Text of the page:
TRAPPIST-1: How Long Would It Take to Fly to 7-Planet System?

Traveling to TRAPPIST-1: How Long Would It Take? | Video
Traveling to TRAPPIST-1: How Long Would It Take? | Video (Image credit: ESO/L. Calçada/

The discovery of seven Earth-size planets around a nearby star, TRAPPIST-1, is certainly exciting news. But what would it take to visit one of these potentially Earth-like alien worlds?

TRAPPIST-1 is 39 light-years away from Earth, or about 229 trillion miles (369 trillion kilometers). It would take 39 years to get there traveling at the speed of light. But no spacecraft ever built can travel anywhere near that fast.

That said, people have sent some pretty fast vehicles into outer space. With today's technology, how long would it take to get to TRAPPIST-1?

Characteristics of the seven TRAPPIST-1 worlds, compared to the rocky planets in our solar system. (Image credit: NASA/JPL-Caltech)

Given a spacecraft's speed, calculating the amount of time it would take to travel to TRAPPIST-1 is simple. Because speed is equal to distance divided by time, the total travel time must equal the distance to TRAPPIST-1 (39 light-years) divided by the spacecraft's speed.

New Horizons

New Horizons, the fastest spacecraft ever launched, flew past Pluto in 2015 and is currently traveling out of the solar system at 14.31 kilometers per second, or about 32,000 mph, according to NASA's New Horizons tracking page. At this rate, it would take the Pluto probe about 817,000 years to reach TRAPPIST-1.


NASA's Juno spacecraft actually flew faster than New Horizons during its approach to the gas giant Jupiter in 2016. With the help of Jupiter's gravity, Juno hit a top speed of about 165,000 mph (265,000 km/h) relative to Earth, making it the fastest human-made object ever (though New Horizons' initial speed was faster than Juno's speed after launch).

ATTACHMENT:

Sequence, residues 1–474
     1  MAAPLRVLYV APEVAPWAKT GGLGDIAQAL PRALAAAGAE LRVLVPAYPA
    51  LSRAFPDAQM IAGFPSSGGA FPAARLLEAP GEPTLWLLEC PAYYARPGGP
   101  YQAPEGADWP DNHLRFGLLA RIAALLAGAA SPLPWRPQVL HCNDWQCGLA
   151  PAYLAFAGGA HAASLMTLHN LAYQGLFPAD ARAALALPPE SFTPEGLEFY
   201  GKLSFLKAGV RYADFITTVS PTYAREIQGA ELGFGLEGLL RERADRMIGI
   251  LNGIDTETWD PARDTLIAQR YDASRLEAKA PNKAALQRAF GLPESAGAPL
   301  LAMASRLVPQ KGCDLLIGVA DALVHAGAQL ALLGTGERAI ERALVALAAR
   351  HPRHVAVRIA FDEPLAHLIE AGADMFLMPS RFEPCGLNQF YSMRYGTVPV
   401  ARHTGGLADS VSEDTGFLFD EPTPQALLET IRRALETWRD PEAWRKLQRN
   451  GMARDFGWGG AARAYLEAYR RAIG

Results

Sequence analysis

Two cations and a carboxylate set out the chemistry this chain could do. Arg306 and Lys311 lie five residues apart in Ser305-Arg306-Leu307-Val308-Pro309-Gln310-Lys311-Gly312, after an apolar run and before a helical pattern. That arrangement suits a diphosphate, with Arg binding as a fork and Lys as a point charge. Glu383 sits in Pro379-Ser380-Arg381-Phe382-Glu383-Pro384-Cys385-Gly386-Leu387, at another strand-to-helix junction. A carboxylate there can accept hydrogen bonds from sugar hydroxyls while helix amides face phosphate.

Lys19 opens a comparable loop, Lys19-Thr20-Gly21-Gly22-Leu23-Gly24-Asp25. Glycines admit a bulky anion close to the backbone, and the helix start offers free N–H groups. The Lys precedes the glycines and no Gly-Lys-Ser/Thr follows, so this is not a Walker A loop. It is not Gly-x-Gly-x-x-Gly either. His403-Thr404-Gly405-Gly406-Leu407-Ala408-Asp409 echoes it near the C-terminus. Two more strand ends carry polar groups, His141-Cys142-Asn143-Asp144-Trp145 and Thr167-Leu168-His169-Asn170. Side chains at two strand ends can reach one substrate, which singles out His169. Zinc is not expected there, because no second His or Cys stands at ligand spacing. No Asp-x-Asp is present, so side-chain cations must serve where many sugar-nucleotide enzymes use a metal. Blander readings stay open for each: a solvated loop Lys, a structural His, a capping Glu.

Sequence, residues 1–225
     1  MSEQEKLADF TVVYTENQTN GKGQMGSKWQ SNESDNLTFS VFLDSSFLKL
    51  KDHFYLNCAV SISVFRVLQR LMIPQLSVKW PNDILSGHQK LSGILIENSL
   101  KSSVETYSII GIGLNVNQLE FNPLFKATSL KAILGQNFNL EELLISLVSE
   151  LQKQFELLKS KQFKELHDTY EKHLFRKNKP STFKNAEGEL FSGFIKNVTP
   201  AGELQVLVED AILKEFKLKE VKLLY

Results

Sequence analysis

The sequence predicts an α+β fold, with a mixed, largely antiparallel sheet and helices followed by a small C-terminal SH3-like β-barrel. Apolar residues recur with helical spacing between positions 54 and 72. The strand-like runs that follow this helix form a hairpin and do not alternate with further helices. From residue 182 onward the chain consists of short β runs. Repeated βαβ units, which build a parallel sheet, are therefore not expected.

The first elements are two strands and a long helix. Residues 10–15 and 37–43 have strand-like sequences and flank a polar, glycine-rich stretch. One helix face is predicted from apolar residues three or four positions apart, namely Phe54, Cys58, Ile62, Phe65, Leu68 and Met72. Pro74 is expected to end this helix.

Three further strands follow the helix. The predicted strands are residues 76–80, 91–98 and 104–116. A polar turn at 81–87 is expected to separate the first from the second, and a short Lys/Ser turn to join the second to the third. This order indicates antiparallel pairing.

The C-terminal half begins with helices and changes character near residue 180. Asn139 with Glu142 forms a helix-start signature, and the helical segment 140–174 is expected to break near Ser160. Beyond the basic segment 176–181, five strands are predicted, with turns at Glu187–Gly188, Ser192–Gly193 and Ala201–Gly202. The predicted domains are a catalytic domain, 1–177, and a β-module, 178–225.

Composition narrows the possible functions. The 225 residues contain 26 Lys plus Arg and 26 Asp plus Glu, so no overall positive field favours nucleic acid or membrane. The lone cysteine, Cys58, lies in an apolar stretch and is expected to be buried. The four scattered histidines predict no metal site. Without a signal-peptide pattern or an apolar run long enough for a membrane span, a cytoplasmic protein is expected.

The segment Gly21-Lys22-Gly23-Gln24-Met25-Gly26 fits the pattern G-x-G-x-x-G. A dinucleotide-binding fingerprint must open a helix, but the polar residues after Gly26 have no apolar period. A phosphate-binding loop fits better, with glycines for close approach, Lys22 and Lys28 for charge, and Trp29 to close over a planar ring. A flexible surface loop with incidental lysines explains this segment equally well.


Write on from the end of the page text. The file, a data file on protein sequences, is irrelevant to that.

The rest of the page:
Even if Juno were constantly traveling that fast — not just getting a speed boost en route — it would take the spacecraft 159,000 years to reach TRAPPIST-1.

Voyager 1

Voyager 1, Earth's most distant spacecraft, left the solar system and entered interstellar space in 2012. According to NASA, it is currently speeding away at 38,200 mph. For Voyager 1 to get to TRAPPIST-1, it would take the spacecraft 685,000 years.

But Voyager 1 isn't going there anytime soon, or ever. Instead, the spacecraft is heading for a different star, AC +79 3888, which lies 17.6 light-years from Earth. It will fly within 1.7 light-years of this star in about 40,000 years.

Space Shuttle

NASA's space shuttle traveled around the Earth at a maximum speed of about 17,500 mph (28,160 km/h). A spaceship traveling at this speed would take around 1.5 million years to get to TRAPPIST-1.

So for a human mission to the TRAPPIST-1 solar system, the space shuttle would not be a practical mode of transportation.

Breakthrough Starshot

One ultrafast spacecraft that could reach TRAPPIST-1 in a much shorter time span is an interstellar mission dreamed up by Stephen Hawking in his Breakthrough Starshot initiative.

Hawking's tiny, laser-propelled probes could theoretically fly as fast as 20 percent of the speed of light, or 134 million mph (216 million km/h). That's about 4,000 times faster than NASA's record-breaking New Horizons spacecraft! A spacecraft that fast could reach TRAPPIST-1 in less than 200 years. But that concept has yet to leave the ground.

An artist's impression of the view from a planet in the TRAPPIST-1 system. (Image credit: ESO/M. Kornmesser/

With today's technology, there's no way that anyone alive right now could make it to TRAPPIST-1 in a lifetime. While discussing the new discovery at a news conference today (Feb. 22), NASA officials suggested that it would likely take at least 800,000 years to reach the TRAPPIST-1 system.

So don't start making any interstellar vacation plans anytime soon.

Email Hanneke Weitering at or follow her @hannekescience. Follow us @Spacedotcom, Facebook and Google+. Original article on

Hanneke Weitering
Associate Editor,

Hanneke Weitering is an editor at Liv Science's sister site with 10 years of experience in science journalism. She has previously written for Scholastic Classroom Magazines, MedPage Today and The Joint Institute for Computational Sciences at Oak Ridge National Laboratory. After studying physics at the University of Tennessee in her hometown of Knoxville, she earned her graduate degree in Science, Health and Environmental Reporting (SHERP) from New York University. Hanneke joined the team in 2016 as a staff writer and producer, covering topics including spaceflight and astronomy.